Temporal variations in river water surface elevation and slope captured by AirSWOT

Elizabeth H. Altenau*, Tamlin M. Pavelsky, Delwyn Moller, Lincoln H. Pitcher, Paul D. Bates, Michael T. Durand, Laurence C. Smith

*Corresponding author for this work

Research output: Contribution to journalArticle (Academic Journal)peer-review

11 Citations (Scopus)
54 Downloads (Pure)


The Surface Water and Ocean Topography (SWOT) satellite mission aims to improve the frequency and accuracy of global observations of river water surface elevations (WSEs) and slopes. As part of the SWOT mission, an airborne analog, AirSWOT, provides spatially29 distributed measurements of WSEs for river reaches tens to hundreds of kilometers in length. For the first time, we demonstrate the ability of AirSWOT to consistently measure temporal dynamics in river WSE and slope. We evaluate data from six AirSWOT flights conducted 32 between June 7-22, 2015 along a ~90 km reach of the Tanana River, AK. To validate AirSWOT measurements, we compare AirSWOT WSEs and slopes against an in situ network of 12 pressure transducers (PTs). Assuming error-free in situ data, AirSWOT measurements of river WSEs have an overall root mean square difference (RMSD) of 11.8 cm when averaged over 1 km2 areas whilst measurements of river surface slope have an RMSD of 1.6 cm/km for reach lengths >5 km. AirSWOT is also capable of recording accurate river WSE changes between flight dates, with an RMSD of 9.8 cm. Regrettably, observed in situ slope changes that transpired between the six flights are well below AirSWOT’s accuracy, limiting the evaluation of AirSWOT’s ability to capture temporal changes in slope. In addition to validating the direct AirSWOT measurements, we compare discharge values calculated via Manning’s equation using AirSWOT WSEs and slopes to discharge values calculated using PT WSEs and slopes. We define or calibrate the remaining discharge parameters using a combination of in situ and remotely sensed observations, and we hold these remaining parameters constant between the two types of calculations to evaluate the impact of using AirSWOT versus the PT observations of WSE and slope. Results indicate that AirSWOT-derived discharge estimates are similar to the PT-derived discharge estimates, with an RMSD of 13.8%. Additionally, 42% of the AirSWOT-based discharge estimates fall within the PT discharge estimates’ uncertainty bounds. We conclude that AirSWOT can measure multitemporal variations in river WSE and spatial variations in slope with both high accuracy and spatial sampling, providing a compelling alternative to in situ measurements of regional-scale, spatiotemporal fluvial dynamics.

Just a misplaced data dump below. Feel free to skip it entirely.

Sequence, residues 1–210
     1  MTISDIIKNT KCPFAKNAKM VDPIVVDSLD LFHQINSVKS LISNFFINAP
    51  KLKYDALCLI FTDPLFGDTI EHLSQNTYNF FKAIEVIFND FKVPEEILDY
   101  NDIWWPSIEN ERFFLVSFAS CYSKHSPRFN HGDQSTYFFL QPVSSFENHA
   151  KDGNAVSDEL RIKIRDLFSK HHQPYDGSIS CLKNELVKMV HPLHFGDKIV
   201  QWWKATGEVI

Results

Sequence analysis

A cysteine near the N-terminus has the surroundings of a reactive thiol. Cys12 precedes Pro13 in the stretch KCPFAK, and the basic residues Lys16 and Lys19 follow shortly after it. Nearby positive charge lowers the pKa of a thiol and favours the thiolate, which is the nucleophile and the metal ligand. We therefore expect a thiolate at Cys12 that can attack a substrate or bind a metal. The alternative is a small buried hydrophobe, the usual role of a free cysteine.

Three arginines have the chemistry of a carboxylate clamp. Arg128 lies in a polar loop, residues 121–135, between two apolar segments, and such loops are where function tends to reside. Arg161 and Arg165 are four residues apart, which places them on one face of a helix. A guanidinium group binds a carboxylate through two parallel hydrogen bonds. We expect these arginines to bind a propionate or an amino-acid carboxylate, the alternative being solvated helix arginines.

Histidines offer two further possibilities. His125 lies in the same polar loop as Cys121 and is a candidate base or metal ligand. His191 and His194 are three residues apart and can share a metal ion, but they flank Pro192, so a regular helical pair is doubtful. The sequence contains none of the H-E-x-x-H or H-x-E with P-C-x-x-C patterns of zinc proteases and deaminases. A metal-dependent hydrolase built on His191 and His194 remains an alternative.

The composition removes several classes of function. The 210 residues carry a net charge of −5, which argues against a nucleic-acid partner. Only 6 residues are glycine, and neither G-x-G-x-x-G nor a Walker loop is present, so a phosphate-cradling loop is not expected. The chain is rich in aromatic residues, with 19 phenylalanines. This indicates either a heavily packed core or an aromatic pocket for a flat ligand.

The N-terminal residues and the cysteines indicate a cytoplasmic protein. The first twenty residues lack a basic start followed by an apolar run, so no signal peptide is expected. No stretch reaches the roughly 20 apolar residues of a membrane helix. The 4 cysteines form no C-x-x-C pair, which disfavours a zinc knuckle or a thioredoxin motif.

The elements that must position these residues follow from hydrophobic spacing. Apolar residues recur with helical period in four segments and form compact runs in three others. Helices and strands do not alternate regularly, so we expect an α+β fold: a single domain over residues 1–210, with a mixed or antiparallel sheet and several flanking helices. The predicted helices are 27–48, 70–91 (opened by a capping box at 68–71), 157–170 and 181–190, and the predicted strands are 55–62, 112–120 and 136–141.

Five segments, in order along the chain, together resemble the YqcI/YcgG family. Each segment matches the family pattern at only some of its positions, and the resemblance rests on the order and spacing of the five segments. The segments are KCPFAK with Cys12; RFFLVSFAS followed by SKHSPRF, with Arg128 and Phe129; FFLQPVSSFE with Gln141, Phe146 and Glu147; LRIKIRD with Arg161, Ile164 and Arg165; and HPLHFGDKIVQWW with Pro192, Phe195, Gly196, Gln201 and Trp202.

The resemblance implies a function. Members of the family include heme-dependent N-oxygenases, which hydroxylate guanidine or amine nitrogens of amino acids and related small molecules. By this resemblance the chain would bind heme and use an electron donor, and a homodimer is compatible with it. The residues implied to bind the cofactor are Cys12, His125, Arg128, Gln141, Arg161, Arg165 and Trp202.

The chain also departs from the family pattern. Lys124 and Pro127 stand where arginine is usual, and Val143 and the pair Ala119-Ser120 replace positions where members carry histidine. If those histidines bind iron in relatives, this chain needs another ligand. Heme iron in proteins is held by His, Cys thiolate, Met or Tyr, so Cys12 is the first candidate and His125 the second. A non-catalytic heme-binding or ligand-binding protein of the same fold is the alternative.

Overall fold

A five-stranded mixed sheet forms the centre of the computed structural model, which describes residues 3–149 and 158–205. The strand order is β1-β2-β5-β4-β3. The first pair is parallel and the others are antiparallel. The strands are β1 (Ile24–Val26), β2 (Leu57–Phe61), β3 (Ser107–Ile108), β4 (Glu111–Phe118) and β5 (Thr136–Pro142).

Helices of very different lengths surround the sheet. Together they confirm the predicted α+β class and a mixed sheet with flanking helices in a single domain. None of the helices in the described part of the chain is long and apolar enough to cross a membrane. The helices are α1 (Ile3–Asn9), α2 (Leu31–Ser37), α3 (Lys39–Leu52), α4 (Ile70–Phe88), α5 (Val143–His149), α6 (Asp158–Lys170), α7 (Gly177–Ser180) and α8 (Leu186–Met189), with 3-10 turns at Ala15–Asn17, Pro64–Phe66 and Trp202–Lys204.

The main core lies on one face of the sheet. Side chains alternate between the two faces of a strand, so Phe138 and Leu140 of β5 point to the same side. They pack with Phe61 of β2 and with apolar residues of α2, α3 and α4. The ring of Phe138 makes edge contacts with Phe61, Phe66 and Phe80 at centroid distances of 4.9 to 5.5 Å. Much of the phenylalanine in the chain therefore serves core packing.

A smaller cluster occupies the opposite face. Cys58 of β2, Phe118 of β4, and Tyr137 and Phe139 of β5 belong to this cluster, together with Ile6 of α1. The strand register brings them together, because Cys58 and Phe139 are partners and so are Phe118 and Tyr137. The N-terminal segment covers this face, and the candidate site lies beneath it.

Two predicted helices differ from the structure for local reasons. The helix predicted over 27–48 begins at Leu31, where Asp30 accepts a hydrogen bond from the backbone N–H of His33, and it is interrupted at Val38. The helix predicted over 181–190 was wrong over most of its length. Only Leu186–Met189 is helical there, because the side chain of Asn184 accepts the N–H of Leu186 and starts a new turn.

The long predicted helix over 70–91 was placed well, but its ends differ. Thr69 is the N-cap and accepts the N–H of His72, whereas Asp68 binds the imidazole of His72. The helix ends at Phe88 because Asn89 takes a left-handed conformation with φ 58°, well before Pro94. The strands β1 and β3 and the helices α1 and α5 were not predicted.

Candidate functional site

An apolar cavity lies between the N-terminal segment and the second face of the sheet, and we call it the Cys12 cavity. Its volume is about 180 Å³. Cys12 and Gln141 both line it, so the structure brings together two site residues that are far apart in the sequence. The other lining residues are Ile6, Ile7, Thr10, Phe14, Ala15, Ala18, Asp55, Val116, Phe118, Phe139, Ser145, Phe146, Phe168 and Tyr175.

Original languageEnglish
Pages (from-to)304-316
Number of pages13
JournalRemote Sensing of Environment
Early online date22 Feb 2019
Publication statusPublished - 1 Apr 2019


  • Surface Water and Ocean Topography (SWOT)
  • AirSWOT
  • Remote sensing
  • Tanana River
  • Multichannel rivers
  • Arctic hydrology

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